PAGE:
It helps to know I’m not alone in my struggles.  If you’re interested in learning about balancing work and family life, check out these resources:

Blackberry jam

Luke and I returned to Sweetberry Farms in early June to pick blackberries.  We were joined by some friends, and I forgot my camera, so there are no pictures of the picking.

Needless to day, picking blackberries is significantly tougher than strawberries.  In case you have no idea how they grow, blackberries grow on canes, covered in thorns.  While you don’t necessarily have to stoop down as much to pick them, you do have to contend with the relentless thorns, big and small, that never fail to prick you.

I brought home four large boxes of blackberries, and I was covered in cuts, scratches and a sunburn.  I paid dearly for those blackberries!  But friend, it was well worth the effort.

The day after picking, Andy, Luke and I spent the bulk of the afternoon preparing, washing, and prepping the blackberries so they could be frozen, eaten raw, and turned into various concoctions, including frozen yogurt, sorbet and salad toppings.

There was one box left when we were done.  The next day, I turned it into JAM.  No, it’s not paleo in the least, but it’s sometimes nice to reach into the past and borrow a few tricks from our grandmothers’ cupboards.

The recipe was really easy to throw together — it was the actual cooking that was hard!

Recipe:
9 cups blackberries
6 cups sugar

I didn’t realize you shouldn’t double batches.  It took FOREVER to cook and set.  I think I sat next to that stove, stirring frequently for over an HOUR.  The boys left and came back from the pool, and I was only just beginning to ladle it into the jars for processing.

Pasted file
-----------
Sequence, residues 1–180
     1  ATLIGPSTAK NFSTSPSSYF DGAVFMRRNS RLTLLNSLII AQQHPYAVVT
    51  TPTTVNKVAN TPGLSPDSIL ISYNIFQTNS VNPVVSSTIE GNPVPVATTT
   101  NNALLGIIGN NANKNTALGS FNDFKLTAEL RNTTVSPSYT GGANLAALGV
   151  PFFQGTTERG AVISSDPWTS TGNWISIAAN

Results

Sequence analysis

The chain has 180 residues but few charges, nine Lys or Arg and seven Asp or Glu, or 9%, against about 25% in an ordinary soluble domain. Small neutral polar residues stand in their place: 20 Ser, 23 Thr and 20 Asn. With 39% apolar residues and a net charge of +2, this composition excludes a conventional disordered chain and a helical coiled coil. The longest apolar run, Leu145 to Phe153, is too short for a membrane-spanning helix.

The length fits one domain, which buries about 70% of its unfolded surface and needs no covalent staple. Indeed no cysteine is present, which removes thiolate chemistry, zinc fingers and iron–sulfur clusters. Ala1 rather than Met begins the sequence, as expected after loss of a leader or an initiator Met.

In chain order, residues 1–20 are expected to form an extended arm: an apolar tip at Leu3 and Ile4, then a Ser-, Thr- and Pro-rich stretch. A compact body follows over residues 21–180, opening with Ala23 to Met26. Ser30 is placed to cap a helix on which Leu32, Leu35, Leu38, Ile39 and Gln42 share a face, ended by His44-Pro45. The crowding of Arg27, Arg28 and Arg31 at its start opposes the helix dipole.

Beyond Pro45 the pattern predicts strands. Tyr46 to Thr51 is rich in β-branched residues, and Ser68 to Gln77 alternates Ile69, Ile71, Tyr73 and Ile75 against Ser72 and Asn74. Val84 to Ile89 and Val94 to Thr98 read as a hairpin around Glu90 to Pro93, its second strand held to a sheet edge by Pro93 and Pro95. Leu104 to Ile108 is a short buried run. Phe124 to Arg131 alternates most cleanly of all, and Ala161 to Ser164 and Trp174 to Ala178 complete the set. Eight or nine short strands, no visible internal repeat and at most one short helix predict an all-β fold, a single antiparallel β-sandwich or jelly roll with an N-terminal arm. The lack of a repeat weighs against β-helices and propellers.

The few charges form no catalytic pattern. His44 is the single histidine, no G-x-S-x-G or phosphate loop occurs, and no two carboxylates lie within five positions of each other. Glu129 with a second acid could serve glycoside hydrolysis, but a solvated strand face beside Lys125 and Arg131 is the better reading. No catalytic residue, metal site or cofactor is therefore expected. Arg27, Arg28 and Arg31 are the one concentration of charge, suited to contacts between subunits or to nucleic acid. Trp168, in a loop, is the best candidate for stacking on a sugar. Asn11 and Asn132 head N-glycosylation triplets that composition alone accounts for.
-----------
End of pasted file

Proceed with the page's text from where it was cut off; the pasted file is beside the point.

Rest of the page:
Despite the hard work to prepare the food, I’m getting faster at it, and it’s really cool to know exactly what the ingredients are in a jar on the pantry shelf — because I created it!!

Visiting the San Antonio Zoo

Luke and Andy in front of elephant

Elephants, giraffes, kangaroos… all of these animals are missing from Austin’s Zoo.

Don’t get me wrong — I love the Austin Zoo and admire what it stands for (taking in exotic animals that were once kept as pets or abandoned).  But it’s not a REAL zoo — not like what most people think of when you say “zoo.”

San Antonio, Dallas, Fort Worth and Houston all have larger zoos, and Andy and I figured it was time to take Luke to one.  San Antonio is the closest and we have never been there, so we looked up directions and headed out on a hazy Memorial Day morning.

We made the mistake of printing out directions from Google instead of from the zoo itself, and Google took us to the wrong part of town.  We circled around looking for the zoo and/or visitor’s center so we could actually find it.  While we were there, we stopped and took our picture in front of the Alamo, just to prove we saw it.  We didn’t linger — it was all about the zoo, dang it!

The San Antonio Zoo is really nice.  I’ve been to large zoos, and this one, even though it’s not huge, has some really nice areas. I figured it would get really crowded, and it did — but not overwhelmingly so.  There was still room to maneuver the stroller and plenty of shady areas to stay out of the blazing Texas sun.